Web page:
Tuesday, October 23, 2007

Fire Problems Were Anticipated

From various sources the number of California National Guard totals around 20 to 22 thousand. From what I can gather, roughly a third of them is federalized and deployed overseas. It seems there were warnings everywhere, all year, that this was possibly going to be a bad fire reason and that there were problems with equipment, personnel and funding.

State National Guard warns it's stretched to the limit
"May 11 - As state forestry officials predict an unusually harsh fire season this summer, the California National Guard says equipment shortages could hinder the guard's response to a large-scale disaster.
A dearth of equipment such as trucks and radios -- caused in part by the war in Iraq -- has state military officials worried they would be slow in providing help in the event of a major fire, earthquake or terrorist attack.

The readiness of the Guard has been described as a national problem and has become a political liability for the Bush administration, which came under fire this week when the governor of Kansas complained that the National Guard response to a devastating tornado in her state was inadequate. National Guard readiness has become a growing concern as the Guard has taken on extra responsibilities caused by the Iraq war and the increased threat of terrorism.
In California, half of the equipment the National Guard needs is not in the state, either because it is deployed in Iraq or other parts of the world or because it hasn't been funded, according to Lt. Col. John Siepmann. While the Guard is in good shape to handle small-scale incidents, "our concern is a catastrophic event,'' he said."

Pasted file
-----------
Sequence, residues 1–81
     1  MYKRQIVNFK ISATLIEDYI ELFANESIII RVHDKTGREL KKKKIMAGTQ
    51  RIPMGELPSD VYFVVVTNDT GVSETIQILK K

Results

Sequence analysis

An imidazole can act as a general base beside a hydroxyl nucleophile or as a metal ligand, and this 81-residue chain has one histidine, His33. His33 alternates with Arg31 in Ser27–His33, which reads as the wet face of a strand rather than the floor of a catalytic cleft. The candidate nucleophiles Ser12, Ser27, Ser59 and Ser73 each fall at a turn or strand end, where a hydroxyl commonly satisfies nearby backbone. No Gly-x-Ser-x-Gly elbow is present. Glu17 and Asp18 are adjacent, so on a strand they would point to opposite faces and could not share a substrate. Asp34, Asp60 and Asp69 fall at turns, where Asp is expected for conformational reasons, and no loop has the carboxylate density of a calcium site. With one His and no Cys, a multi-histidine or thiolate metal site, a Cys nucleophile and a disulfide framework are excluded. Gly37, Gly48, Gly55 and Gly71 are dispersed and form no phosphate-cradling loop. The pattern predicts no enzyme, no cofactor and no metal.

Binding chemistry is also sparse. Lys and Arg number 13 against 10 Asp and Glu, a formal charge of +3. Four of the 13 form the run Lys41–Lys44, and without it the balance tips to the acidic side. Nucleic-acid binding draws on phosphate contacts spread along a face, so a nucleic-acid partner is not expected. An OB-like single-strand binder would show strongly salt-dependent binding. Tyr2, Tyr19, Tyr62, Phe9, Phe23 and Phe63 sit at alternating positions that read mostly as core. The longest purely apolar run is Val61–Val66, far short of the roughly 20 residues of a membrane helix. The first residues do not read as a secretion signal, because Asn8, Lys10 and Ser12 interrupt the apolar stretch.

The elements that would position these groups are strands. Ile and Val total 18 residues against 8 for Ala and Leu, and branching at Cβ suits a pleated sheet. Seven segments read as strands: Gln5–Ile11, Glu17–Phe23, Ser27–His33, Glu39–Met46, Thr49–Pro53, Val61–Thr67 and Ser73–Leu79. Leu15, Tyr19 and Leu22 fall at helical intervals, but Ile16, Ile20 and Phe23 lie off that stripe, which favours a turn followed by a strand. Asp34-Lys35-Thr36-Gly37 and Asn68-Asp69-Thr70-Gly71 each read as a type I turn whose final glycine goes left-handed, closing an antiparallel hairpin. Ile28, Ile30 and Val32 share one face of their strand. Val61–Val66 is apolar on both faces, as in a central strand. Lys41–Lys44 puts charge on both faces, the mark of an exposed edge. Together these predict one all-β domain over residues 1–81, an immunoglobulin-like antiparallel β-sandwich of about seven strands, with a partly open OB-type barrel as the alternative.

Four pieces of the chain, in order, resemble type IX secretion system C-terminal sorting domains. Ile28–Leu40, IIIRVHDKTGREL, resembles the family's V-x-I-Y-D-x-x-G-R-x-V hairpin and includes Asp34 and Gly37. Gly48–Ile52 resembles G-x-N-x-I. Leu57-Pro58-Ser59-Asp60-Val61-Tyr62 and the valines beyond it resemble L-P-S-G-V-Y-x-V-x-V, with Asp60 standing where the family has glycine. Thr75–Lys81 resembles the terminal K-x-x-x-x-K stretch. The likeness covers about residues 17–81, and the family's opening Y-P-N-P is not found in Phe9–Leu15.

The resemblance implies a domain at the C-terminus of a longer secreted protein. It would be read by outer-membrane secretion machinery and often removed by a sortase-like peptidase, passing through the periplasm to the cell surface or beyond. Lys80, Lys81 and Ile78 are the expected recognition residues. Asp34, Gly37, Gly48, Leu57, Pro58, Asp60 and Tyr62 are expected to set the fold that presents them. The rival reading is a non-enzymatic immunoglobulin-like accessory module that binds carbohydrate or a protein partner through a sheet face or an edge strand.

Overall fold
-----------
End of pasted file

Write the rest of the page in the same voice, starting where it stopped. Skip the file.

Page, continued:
Alliance fears cuts in wildfire prevention
"April 2, 2007 - Brad Hellenthal cut down a cedar tree in the Birch Hills area of Palomar Mountain last month.Across San Diego County's fire country, an alliance of agencies has spent about $50 million to clear dead trees and overgrown brush after blazes charred much of the region in 2003.
But now, the federal fire-prevention money for their work is drying up. Priorities in Washington, D.C., have shifted to paying for national defense, cleanups after Hurricane Katrina and other needs, forestry experts say.

The group said Thursday that the administration of President Bush has proposed cutting 14 percent of the budget for a critical fire-prevention fund – one that has paid for work in San Diego County – when what it needed was an 85 percent increase.

Arnold's Katrina? Governor vetoes bills to strengthen fire departments
"June27 - As the Tahoe fire kicks off an extremely dangerous fire season, the Governor's budget-cutting has left the state's fire departments woefully short on recommended equipment and staff."
As far as Arnie's Governors Office of Emergency Services goes, it hasn't been updated in almost two years.

I'd assume there's plenty of questions about preparedness for this disaster, including the big one of why the national guard is wasted in Dim Son's overseas adventures, but you'll never see them in the reprehensible MSM. Flipping on the idiot box will show plenty of up close and personal, tear inducing human interest stories meant to tug your emotional strings, but little else besides the 'gosh darn this was so unexpected' line of thought.

One comment about the TV coverage that I've seen. I fought forest fies for several seasons decades ago. I know that in more suburban settings there will be fire trucks and hydrants. But in mega disasters like this and especially in rural and wild areas less than one percent of fire fighting involves spraying water. Almost all energy is spent digging lines, cutting trees, moving brush and other grunt work, but that's too mundane for television cameras so you'll see endless shots of hosing down flames and thrilling water drops from air tankers. Fire suppression is the hottest, grimiest, most tiresome work imaginable, I wish them the best.


Post a Comment

<< Home

Cost of the War in Iraq
(JavaScript Error)
To see more details, click here.